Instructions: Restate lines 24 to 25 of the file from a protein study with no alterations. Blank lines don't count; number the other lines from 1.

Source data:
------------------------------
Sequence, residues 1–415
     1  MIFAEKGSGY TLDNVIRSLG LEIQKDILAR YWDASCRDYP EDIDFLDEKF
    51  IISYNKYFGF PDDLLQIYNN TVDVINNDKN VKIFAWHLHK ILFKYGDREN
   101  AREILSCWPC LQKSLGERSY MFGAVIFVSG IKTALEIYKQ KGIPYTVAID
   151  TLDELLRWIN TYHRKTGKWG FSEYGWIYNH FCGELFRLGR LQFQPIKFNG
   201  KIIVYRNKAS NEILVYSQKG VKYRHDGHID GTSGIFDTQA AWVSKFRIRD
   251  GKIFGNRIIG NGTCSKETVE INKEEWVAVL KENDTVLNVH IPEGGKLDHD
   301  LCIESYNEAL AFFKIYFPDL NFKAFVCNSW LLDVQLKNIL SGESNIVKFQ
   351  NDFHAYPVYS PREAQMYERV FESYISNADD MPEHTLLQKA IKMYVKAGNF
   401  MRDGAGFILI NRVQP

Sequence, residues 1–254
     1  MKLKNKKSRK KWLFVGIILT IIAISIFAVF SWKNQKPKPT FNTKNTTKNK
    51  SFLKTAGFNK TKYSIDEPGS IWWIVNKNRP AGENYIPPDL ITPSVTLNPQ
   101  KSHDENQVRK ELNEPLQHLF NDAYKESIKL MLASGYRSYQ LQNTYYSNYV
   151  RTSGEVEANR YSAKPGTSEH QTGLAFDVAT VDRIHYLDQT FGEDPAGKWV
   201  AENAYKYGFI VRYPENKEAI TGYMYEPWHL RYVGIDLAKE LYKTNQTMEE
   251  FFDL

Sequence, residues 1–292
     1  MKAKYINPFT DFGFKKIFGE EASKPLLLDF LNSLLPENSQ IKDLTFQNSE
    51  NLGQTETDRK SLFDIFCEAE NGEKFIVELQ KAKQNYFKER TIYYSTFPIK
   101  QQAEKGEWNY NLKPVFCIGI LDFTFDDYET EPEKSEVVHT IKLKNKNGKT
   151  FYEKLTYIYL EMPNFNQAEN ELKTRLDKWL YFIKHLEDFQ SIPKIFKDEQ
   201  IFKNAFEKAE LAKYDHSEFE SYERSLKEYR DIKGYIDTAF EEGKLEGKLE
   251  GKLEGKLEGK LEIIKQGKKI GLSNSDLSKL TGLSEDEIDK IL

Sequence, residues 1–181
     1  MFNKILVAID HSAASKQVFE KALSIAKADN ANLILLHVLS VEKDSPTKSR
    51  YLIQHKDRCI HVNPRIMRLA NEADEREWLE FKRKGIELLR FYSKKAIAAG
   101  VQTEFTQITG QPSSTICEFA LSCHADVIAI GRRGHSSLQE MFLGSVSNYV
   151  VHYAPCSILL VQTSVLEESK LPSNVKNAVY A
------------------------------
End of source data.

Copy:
   251  GKLEGKLEGK LEIIKQGKKI GLSNSDLSKL TGLSEDEIDK IL

Sequence, residues 1–181